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Ferland signs four-year contract with Canucks

Forward gets $3.5 million annually, had 40 points with Hurricanes last season @NHLdotcom

Micheal Ferland signed a four-year, $14 million contract with the Vancouver Canucks on Wednesday. It has an average annual value of $3.5 million.

"They have a great, young and up-and-coming team, they have great young players with [Elias] Pettersson, [Brock] Boeser and Bo Horvat," Ferland said. "For my style, I think that's a team that I can fit in quite nicely. It's a young team still."

The 27-year-old forward had 40 points (17 goals, 23 assists) in 71 regular-season games with the Carolina Hurricanes last season and had one assist in seven Stanley Cup Playoff games.

With Ferland playing at times on the top line, Carolina reached the playoffs for the first time since 2009 and made it to the Eastern Conference Final, which it lost in a sweep to the Boston Bruins.

"I think we shocked a lot of people around the League, no one expected us to do what we did, and we were a young group over there, and that's what I see in Vancouver," Ferland said. "We came in Carolina and made it into the playoffs and getting to the Conference Final, and you look at Vancouver and the players they have and the guys they're bringing in and I think that's the next step for Vancouver and I think I can come over there and help."


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Ferland had two goals and an assist to help Calgary clinch a playoff series against Vancouver as a rookie in 2015, and his physical play drew critical comments from Canucks defenseman Kevin Bieksa, who after that season joined the Anaheim Ducks.

"That was kind of when I got foot in door in the NHL," Ferland said. "I remember just being wide-eyed at playing playoff games in Vancouver, and first of all how beautiful the city was, and the atmosphere in that building (Rogers Arena) was always pretty exciting. That was when I kind of got my foot in the door, and I have matured as a player.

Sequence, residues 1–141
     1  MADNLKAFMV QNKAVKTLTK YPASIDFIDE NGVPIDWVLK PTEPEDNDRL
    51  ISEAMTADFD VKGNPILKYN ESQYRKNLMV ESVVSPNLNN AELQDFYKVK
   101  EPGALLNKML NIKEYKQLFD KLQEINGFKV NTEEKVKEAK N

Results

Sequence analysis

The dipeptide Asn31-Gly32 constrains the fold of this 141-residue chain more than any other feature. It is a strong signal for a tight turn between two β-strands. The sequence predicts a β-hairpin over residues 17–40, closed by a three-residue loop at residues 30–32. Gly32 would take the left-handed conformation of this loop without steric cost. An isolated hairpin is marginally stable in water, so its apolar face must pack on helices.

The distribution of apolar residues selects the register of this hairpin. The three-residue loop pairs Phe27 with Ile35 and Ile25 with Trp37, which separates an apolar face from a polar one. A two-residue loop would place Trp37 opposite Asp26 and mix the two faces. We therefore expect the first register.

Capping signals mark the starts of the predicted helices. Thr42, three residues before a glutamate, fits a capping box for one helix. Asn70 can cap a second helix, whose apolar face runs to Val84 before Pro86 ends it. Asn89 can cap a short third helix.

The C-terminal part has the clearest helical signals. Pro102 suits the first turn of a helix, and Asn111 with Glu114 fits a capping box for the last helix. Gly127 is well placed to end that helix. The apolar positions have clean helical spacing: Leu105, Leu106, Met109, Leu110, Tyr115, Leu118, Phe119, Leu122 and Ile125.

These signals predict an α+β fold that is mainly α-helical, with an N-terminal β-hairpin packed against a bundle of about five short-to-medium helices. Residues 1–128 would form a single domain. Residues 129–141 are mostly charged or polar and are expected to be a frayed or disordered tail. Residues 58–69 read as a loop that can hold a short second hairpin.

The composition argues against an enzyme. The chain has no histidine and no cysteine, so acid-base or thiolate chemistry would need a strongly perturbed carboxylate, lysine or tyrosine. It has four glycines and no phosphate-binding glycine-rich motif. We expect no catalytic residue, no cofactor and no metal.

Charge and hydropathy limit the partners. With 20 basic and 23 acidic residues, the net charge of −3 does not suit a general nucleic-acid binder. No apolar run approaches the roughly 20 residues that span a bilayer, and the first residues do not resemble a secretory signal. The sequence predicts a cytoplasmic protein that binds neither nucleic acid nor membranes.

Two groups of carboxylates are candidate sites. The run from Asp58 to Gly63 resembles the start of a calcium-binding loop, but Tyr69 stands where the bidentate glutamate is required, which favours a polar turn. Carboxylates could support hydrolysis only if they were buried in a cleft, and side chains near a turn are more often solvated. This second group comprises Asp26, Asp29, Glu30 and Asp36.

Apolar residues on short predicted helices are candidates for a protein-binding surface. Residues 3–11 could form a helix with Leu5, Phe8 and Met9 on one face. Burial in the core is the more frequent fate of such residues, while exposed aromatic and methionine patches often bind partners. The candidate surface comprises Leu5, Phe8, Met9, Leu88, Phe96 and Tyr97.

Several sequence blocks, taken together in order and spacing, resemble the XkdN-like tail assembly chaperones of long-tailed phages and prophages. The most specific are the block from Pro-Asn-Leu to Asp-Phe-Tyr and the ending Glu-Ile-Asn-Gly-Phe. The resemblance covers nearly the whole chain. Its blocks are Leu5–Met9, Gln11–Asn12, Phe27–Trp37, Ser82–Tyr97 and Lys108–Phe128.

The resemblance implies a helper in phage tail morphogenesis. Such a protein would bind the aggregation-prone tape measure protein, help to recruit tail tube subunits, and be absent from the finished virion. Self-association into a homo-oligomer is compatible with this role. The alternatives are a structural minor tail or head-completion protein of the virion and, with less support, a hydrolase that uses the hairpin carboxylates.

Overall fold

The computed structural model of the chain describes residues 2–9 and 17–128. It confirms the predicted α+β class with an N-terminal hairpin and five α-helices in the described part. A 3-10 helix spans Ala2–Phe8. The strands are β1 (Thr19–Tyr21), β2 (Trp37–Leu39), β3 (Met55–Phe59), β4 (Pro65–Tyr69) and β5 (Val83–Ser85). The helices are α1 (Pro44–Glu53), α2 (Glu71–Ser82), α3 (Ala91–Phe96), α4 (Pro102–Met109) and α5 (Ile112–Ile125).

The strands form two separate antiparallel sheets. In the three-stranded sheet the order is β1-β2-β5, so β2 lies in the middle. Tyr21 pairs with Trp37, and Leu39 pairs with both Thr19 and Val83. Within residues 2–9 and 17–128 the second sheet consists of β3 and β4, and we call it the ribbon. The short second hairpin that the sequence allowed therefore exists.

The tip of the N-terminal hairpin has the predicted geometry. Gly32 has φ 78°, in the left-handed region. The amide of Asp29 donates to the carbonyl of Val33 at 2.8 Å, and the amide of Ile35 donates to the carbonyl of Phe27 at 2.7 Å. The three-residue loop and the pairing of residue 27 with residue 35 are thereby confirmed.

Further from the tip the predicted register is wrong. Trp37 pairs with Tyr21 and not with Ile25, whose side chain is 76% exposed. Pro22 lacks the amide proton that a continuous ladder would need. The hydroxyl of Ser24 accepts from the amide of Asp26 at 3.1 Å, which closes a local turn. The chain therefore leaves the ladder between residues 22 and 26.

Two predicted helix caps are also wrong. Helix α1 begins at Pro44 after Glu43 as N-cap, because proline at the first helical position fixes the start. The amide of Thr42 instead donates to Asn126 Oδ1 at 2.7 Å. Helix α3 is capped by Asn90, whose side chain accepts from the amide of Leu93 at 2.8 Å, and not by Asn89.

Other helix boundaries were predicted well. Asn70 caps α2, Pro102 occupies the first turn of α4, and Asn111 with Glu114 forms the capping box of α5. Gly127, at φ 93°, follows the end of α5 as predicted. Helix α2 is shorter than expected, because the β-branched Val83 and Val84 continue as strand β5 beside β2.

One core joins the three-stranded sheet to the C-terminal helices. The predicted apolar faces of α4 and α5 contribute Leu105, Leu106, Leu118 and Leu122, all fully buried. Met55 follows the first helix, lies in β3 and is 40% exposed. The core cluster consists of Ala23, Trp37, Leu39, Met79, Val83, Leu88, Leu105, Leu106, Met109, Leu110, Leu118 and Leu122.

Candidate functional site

"When I first came into the League, I was a bottom-six checker, I liked to finish my checks and get pucks deep, and over the last few years I have established I can play with high-end players and play good with skilled guys also. I have learned a lot over the last few years and matured a lot as a player."

Forwards Pettersson (68 points), Horvat (61) and Boeser (56) are the only three Canucks to score more points than Ferland did last season. Vancouver this offseason traded for forward J.T. Miller, who had 47 points for the Tampa Bay Lightning.

"I would like to play in the top six," Ferland said. "I had a good meeting with (general manager Jim) Benning and (coach) Travis Green and I'd like to play in the top six, but if I am playing in the top nine I think I can be effective on the third line also. Meeting with Benning, he told me I would have a lot of opportunity here playing with Pettersson, Boeser and the skilled guys they have, and they need a bigger guy on their line that can give them some space, and be able to play with them, so when I sat down and talked with my wife, I figured this would be the best opportunity to grow and play with those type of guys."

Video: Ferland signs four-year deal with Canucks

Acquired by Carolina with defenseman Dougie Hamilton and defenseman prospect Adam Fox in a trade with the Calgary Flames on June 23, 2018, for forward Elias Lindholm and defenseman Noah Hanifin, Ferland has 129 points (59 goals, 70 assists) and 193 penalty minutes in 321 games with the Flames and Hurricanes.

"I've got a style that I play," Ferland (6-foot-1, 217 pounds) said. "When I am at my best is when I am physical. When I am out there being physical, I get my body into it and I think the rest of my game comes into it also."

Selected by Calgary in the fifth round (No. 133) of the 2010 NHL Draft, Ferland has six points (three goals, three assists) in 20 playoff games.

"Micheal is an energetic player that drives the play and can contribute in all three zones," Benning said. "He'll make our team harder to play against on a nightly basis and we're excited that he'll call Vancouver home." correspondent Kevin Woodley contributed to this report

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